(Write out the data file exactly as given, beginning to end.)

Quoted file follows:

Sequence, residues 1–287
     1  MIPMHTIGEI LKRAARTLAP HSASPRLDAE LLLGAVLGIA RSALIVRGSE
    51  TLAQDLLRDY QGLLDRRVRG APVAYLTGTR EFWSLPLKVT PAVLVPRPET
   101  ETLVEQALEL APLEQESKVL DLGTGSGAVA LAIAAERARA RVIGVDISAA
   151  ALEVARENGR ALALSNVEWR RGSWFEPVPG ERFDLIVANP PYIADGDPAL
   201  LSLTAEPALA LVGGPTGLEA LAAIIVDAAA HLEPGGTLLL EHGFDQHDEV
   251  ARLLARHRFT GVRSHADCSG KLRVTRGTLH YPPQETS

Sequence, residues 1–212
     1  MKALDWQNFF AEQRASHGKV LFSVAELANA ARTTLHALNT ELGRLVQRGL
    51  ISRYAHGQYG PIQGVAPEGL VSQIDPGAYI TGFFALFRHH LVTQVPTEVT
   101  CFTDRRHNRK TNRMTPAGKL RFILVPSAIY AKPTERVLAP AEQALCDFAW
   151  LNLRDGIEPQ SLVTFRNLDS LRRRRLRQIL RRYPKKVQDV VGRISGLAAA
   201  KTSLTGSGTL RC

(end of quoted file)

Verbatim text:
Sequence, residues 1–287
     1  MIPMHTIGEI LKRAARTLAP HSASPRLDAE LLLGAVLGIA RSALIVRGSE
    51  TLAQDLLRDY QGLLDRRVRG APVAYLTGTR EFWSLPLKVT PAVLVPRPET
   101  ETLVEQALEL APLEQESKVL DLGTGSGAVA LAIAAERARA RVIGVDISAA
   151  ALEVARENGR ALALSNVEWR RGSWFEPVPG ERFDLIVANP PYIADGDPAL
   201  LSLTAEPALA LVGGPTGLEA LAAIIVDAAA HLEPGGTLLL EHGFDQHDEV
   251  ARLLARHRFT GVRSHADCSG KLRVTRGTLH YPPQETS

Sequence, residues 1–212
     1  MKALDWQNFF AEQRASHGKV LFSVAELANA ARTTLHALNT ELGRLVQRGL
    51  ISRYAHGQYG PIQGVAPEGL VSQIDPGAYI TGFFALFRHH LVTQVPTEVT
   101  CFTDRRHNRK TNRMTPAGKL RFILVPSAIY AKPTERVLAP AEQALCDFAW
   151  LNLRDGIEPQ SLVTFRNLDS LRRRRLRQIL RRYPKKVQDV VGRISGLAAA
   201  KTSLTGSGTL RC